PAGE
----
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Chelsea Green Blog

Sex and the River Styx named an Amazon.com Best Book of the Month

Exciting news – Edward Hoagland’s Sex and the River Styx has been chosen by Amazon.com as one of the best books of the month for February 2011! Take a look at editor Tom Nissley’s review below, and read Amazon’s announcement here.

In recent years, the best reason to have a Harper’s subscription has been the appearance, once every year or two, of a long and life-giving essay by Edward Hoagland. Whatever topic they hang themselves on – political dissent, the circus (where Hoagland spent two memorable young summers), sex, aging, nature – they circle around and wander through all of the above, each a memoir in miniature, each a guide to life as lived in its seventh and now eighth decades. Hoagland’s best known as a nature writer and has been called “the Thoreau of our time,” but his tolerant and curious affection for human nature too makes him closer to Thoreau’s friend and landlord, Emerson. In any case, his sentences sing like theirs: elegant and aphoristic, but chunky with thought and image, leaping and pausing like a line from Monk’s piano. As you might guess from the title, the essays in Sex and the River Styx, his first new collection in a decade, are both late and lively. Hoagland is far sadder about the accelerating destruction of the earth’s bounty and variety than he is about his own decline; while he angrily fights the former, he happily accepts the past tense in talking about ways he once lived but won’t again. He’s grown wise in the best way: he’s learned some things in his time, none more than how little he knows. -Tom NissleyRecommended for fans of How to Live: A Life of Montaigne in One Question and Twenty Attempts at an Answer by Sarah Bakewell and Pilgrim at Tinker Creek by Annie Dillard. Check out Edward Hoagland’s Sex and the River Styx in our bookstore now!


Dear Humans: Listen to Ben Kilham. Signed, The Bears.

When it comes to fatal human-bear encounters, too often it’s the bear who ends up on the losing end. The most recent story occurred in Thetford, Vt., where a hungry bear with slim pickings began seeking out food in town. After unsuccessful attempts to thwart the bear – known to bear rehab specialist and author […] Read More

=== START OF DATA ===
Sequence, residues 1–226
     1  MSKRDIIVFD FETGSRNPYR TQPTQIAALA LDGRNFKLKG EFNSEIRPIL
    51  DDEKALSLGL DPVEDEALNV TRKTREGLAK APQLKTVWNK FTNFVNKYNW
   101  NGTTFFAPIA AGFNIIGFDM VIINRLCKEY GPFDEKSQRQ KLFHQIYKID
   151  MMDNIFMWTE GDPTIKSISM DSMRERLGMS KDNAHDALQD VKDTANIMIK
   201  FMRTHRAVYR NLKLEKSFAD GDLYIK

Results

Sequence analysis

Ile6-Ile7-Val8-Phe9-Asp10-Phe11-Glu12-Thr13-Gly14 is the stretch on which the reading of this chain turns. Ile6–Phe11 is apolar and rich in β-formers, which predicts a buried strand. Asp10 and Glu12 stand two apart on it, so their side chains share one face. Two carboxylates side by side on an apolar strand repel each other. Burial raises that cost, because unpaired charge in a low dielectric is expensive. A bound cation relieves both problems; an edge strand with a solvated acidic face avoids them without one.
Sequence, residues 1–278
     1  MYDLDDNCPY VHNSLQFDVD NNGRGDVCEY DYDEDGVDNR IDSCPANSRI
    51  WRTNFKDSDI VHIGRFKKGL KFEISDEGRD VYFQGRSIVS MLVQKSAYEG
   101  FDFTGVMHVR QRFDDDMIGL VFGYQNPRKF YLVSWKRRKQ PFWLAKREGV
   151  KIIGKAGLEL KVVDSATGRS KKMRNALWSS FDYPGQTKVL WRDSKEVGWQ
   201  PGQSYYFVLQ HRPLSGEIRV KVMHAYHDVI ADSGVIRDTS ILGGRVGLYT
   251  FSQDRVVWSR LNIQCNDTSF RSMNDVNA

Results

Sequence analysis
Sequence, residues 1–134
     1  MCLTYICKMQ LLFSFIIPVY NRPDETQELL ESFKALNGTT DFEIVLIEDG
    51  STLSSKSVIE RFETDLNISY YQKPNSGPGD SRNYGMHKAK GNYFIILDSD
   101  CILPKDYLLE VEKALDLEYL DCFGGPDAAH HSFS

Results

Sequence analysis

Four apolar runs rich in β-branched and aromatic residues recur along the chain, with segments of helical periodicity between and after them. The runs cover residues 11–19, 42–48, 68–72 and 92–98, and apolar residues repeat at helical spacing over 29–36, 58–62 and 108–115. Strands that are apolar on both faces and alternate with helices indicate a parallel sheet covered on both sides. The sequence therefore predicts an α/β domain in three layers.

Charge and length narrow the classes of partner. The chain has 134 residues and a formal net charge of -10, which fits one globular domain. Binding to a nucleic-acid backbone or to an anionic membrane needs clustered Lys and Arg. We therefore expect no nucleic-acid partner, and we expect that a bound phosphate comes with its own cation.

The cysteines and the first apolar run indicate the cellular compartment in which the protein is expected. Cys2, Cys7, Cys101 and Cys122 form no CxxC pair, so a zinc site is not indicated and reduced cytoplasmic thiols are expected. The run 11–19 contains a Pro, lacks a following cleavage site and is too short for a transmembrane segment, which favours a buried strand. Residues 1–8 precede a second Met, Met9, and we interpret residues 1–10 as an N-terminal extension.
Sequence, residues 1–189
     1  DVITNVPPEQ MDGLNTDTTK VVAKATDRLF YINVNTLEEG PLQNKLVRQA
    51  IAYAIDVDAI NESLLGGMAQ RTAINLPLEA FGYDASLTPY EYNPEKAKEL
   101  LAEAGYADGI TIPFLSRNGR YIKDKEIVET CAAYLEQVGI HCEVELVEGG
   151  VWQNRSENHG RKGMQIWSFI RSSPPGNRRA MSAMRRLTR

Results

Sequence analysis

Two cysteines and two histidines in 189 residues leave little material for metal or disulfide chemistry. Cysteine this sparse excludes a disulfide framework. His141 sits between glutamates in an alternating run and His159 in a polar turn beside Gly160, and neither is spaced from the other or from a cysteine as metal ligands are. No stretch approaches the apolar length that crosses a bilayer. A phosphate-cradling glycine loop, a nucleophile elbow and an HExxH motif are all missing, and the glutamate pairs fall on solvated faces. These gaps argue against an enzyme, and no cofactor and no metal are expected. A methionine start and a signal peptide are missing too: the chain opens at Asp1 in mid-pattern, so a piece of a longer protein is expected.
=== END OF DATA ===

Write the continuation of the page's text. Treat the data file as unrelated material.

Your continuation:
Reimagining Restoration as a Radical Act

Finding ways to manage “invasive” species as we’ve come to know them has sparked a vigorous debate within conservation and restoration communities, as well as farmers, gardeners, and permaculturalists.In her thought-provoking book Beyond the War on Invasive Species, author Tao Orion urges us to rethink and reimagine restoration as a way to break out of […] Read More

Trust Your Unconsciousness: Elizabeth Marshall Thomas on Writing

Elizabeth Marshall Thomas is a New York Times-bestelling author, traveler, and astute observer of the natural world. In Dreaming of Lions, a paperback edition of her memoir, Thomas pens a powerful new afterword and a selection of photos from her extraordinary life is included. Below is an excerpt from her chapter about writing, and her […] Read More

Ask the Experts: Submit Your Permaculture Questions Now

Attention all growers, food-lovers, and green-living enthusiasts, we are once again celebrating Permaculture Month by putting our pioneering permaculture authors to work for you.Chelsea Green is proud to publish and distribute some of the most recognized, and award-winning, names in permaculture, and we’re making several of them available to our readers to answer any and all […] Read More

Recipe: Pascal Baudar’s Basic Wild Kimchi

Experiment with what you have, anything from the mustard family will work extremely well. Read More
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